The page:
In 1960, Amerian healthcare was just beginning to look like it does today. Doctors had a scientific understanding of why people got sick, drugs and vaccines could treat most illnesses, new and expensive equipment (x-rays, body scanners, radiation therapy, sonograms, etc.) had been developed, and doctors were increasingly becoming highly-paid specialists. The day of the town doctor was over. Yet, the group that most needed healthcare, the aged, were one of the poorest segments of society and completely unable to pay for lifesaving medical procedures.
As a result, Washington launched its first major civilian healthcare program, Medicare, which provided care for seniors. Just like today, Conservatives resisted the idea of government paid healthcare and Liberals supported it. Because it was limited to seniors, and everyone has parents, it eventually became the law of the land. Because age and healthcare costs rise together, longer lives mean higher healthcare costs.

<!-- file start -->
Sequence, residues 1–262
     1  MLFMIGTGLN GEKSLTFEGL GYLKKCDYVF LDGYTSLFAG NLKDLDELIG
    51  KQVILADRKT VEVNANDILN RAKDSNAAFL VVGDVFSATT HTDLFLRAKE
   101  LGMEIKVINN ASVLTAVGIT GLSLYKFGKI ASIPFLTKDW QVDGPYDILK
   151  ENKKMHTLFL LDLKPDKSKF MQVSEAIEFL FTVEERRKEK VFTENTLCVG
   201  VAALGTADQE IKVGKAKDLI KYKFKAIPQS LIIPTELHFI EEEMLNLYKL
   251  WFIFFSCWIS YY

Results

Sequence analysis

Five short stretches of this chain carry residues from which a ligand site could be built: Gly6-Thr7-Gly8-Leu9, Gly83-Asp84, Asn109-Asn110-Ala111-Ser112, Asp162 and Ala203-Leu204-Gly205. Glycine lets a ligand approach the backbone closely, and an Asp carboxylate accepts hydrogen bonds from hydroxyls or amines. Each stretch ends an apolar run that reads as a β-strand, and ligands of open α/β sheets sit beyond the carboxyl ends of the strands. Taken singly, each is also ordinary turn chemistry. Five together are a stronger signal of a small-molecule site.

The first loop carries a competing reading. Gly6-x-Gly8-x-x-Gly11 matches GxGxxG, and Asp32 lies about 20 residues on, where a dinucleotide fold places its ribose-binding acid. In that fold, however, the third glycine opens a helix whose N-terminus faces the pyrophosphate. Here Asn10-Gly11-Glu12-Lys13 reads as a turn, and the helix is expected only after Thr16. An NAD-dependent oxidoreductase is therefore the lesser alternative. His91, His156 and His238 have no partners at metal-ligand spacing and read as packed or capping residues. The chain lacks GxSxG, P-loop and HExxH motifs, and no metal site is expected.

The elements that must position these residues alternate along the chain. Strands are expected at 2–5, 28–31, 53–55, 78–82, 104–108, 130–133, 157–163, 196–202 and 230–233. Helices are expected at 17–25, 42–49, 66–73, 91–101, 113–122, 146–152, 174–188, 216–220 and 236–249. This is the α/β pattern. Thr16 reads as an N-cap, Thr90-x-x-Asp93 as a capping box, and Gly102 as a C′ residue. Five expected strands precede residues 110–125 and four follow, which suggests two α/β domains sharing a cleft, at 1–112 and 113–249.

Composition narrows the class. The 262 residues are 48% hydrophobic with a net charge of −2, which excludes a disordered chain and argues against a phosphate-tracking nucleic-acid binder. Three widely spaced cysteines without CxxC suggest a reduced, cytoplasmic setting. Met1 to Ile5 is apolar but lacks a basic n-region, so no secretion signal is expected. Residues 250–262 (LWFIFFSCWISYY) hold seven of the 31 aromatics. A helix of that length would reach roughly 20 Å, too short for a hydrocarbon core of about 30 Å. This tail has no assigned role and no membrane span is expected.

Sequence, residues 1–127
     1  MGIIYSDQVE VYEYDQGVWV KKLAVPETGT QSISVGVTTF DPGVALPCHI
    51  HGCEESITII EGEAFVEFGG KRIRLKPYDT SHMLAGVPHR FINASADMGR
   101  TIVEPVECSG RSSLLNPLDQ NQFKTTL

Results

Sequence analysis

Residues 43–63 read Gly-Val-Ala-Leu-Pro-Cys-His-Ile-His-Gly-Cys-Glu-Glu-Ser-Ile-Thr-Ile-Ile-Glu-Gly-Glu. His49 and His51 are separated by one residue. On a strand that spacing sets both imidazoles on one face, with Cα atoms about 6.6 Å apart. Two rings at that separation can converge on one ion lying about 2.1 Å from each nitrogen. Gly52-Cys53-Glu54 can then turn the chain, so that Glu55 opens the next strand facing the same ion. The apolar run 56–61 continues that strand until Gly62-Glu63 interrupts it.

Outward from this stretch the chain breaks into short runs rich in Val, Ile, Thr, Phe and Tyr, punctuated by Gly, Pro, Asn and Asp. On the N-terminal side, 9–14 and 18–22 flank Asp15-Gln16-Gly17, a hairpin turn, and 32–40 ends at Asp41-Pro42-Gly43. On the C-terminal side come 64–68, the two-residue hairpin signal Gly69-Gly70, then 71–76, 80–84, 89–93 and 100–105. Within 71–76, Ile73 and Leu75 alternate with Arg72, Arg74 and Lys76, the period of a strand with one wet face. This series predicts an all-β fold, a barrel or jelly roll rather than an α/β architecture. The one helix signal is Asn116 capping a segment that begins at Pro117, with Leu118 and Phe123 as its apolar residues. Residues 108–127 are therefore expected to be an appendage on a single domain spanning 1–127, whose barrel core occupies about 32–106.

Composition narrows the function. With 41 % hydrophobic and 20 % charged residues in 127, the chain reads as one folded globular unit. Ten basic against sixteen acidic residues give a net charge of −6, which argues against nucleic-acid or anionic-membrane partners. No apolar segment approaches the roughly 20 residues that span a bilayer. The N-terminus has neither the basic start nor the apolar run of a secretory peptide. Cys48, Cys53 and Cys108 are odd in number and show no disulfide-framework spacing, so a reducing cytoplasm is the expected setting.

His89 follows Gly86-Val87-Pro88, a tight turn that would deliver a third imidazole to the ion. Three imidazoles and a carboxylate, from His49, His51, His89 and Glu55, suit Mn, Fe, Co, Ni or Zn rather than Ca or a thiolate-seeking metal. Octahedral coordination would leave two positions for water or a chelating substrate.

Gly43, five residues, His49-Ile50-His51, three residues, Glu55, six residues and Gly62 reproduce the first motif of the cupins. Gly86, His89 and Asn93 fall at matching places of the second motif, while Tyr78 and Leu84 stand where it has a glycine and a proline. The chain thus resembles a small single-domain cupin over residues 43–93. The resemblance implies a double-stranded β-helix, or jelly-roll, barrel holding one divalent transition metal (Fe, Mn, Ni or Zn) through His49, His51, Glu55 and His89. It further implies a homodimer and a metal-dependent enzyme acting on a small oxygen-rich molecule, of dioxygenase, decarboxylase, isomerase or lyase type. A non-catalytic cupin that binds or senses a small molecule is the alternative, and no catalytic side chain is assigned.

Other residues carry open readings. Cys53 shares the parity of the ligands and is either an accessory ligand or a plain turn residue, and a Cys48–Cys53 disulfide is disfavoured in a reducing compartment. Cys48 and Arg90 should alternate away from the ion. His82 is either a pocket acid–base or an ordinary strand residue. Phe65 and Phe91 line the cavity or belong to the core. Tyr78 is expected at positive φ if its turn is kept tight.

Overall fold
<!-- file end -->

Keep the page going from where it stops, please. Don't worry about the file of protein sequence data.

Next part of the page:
In 1960, only 9% of American's were age 65
or older. Today it is 15%. By mid-century, it will be 21%. With fewer young Americans and more seniors, the cost of healthcare is guaranteed to rise. In 1960, the healthcare industry accounted for just 5% of US GDP. By 2025 it will reach 20%, making healthcare the largest industry in America!
That's the fourth secret. As horrifyingly expensive as our healthcare is, if we don't make fundamental changes, it's going to keep growing until it consumes... everything!
Healthcare has consistently outgrown inflation for decades. All that growth is how millions of workers are employed in pharmacies, hospitals, drug companies, insurance firms, and the rest of the healthcare juggernaut. Reducing the cost of healthcare means... losing jobs.